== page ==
Federal auditors are currently investigating how the Stitt administration awarded the ClassWallet contract and distributed the relief money.

Records obtained by Oklahoma Watch and The Frontier show that the state placed no limits on the items families could purchase from vendors.

Stitt’s spokeswoman, Carly Atchison, declined to schedule an interview with the governor and declined to answer written questions from Oklahoma Watch and The Frontier about how her administration handled the relief money.

“During the COVID pandemic, Governor Stitt had a duty to deliver federal relief funds to Oklahoma students and families as quickly as possible and he did just that,” Atchison said in the post. a written statement.

Federal money from the Governor’s Emergency Education Relief Fund was intended to support students from kindergarten through middle school as schools transitioned to remote learning during the pandemic. Congress has given state governors the authority to send relief funds to public or private schools and other education-related entities under the Economic Aid, Relief, and Security Act. of the coronavirus in 2020. The law gave states wide discretion over how to spend the money.

Even before Stitt named Walters education secretary in September 2020, Walters had worked to secure the contract with ClassWallet, according to emails obtained by Oklahoma Watch and The Frontier. Walters declined several interview requests.

Some states have solicited proposals and public comment on how to spend the relief funds. But in Oklahoma, only a “small group of people” decided how to spend the money and award sole-source contracts, federal regulators would later write.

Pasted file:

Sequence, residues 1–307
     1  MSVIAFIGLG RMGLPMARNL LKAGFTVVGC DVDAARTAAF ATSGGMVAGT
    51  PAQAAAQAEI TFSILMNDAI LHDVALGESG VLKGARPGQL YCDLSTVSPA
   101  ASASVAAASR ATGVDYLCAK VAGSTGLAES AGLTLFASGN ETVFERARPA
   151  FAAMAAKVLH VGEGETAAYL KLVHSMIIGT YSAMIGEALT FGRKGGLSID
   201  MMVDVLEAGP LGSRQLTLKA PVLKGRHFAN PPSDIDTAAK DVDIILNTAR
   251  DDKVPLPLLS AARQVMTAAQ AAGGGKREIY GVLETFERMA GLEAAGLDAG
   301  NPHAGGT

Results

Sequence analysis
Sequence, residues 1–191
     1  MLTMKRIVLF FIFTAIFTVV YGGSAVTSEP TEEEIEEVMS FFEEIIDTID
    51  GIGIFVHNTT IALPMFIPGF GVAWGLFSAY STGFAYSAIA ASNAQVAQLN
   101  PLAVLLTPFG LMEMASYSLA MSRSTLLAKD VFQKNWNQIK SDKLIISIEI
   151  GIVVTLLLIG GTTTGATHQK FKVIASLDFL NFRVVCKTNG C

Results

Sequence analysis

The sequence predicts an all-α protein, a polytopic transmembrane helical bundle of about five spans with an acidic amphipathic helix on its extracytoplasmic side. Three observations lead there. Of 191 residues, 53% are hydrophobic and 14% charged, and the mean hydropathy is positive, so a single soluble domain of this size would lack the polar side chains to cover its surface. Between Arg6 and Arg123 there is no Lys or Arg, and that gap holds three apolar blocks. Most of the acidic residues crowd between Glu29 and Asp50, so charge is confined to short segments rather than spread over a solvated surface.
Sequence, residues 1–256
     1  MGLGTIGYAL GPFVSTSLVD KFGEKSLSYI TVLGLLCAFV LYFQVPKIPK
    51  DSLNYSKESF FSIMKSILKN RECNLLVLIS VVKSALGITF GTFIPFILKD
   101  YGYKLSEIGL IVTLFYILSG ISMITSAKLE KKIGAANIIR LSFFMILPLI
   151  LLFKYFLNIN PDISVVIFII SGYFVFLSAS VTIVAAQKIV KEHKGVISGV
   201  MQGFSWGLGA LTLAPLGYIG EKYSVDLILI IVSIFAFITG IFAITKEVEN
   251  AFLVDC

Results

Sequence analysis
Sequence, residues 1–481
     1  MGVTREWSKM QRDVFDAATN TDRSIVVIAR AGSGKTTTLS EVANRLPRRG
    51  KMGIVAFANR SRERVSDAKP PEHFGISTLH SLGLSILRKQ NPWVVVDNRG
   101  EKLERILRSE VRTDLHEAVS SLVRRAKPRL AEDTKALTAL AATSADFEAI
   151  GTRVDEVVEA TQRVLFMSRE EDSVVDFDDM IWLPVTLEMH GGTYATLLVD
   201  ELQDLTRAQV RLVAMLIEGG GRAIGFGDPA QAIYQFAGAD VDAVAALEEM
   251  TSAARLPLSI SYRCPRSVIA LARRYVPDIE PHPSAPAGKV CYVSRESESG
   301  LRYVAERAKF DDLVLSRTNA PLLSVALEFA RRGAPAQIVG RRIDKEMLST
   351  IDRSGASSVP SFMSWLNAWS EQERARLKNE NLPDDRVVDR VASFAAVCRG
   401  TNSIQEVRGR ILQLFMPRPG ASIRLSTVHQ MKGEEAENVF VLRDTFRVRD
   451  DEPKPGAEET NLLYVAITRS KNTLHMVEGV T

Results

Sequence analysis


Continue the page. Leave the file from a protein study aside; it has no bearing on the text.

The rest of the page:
As schools were set to reopen in August 2020, Stitt Chief Information Officer Jerry Moore waived state bidding requirements to award ClassWallet a contract to distribute $18 million in aid. federal government in the form of grants to families for school supplies and vouchers for private schools. ClassWallet received a $650,000 cut in relief money to run the programs.

State law allowed Moore to waive bidding requirements “in the best interest of the state to respond quickly to the effect Covid-19 was having on the state’s education system.” said Caden Cleveland, spokesperson for the Office of Management and Business Services. in a statement to Oklahoma Watch and The Frontier.

A federal rule prohibited states from giving money directly to parents or students. But states could get around that by awarding funds to a qualifying entity “that provides student services,” which could then distribute money to parents and students.

Publicly, the Stitt administration said the educational nonprofit Every Kid Counts Oklahoma would run the Bridge the Gap program. The organization was less than six months old at the time. Walters served as its executive director.